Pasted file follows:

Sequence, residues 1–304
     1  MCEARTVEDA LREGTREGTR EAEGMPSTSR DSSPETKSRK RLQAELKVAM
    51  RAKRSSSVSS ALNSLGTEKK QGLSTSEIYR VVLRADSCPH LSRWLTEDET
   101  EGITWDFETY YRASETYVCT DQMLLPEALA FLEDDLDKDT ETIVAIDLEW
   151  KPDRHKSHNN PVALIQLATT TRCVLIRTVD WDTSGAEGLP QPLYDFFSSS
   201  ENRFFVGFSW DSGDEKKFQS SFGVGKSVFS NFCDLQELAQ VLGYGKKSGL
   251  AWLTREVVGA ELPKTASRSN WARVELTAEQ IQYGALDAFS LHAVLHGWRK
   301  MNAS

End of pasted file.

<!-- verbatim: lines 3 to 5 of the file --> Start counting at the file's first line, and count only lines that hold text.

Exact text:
    51  RAKRSSSVSS ALNSLGTEKK QGLSTSEIYR VVLRADSCPH LSRWLTEDET
   101  EGITWDFETY YRASETYVCT DQMLLPEALA FLEDDLDKDT ETIVAIDLEW
   151  KPDRHKSHNN PVALIQLATT TRCVLIRTVD WDTSGAEGLP QPLYDFFSSS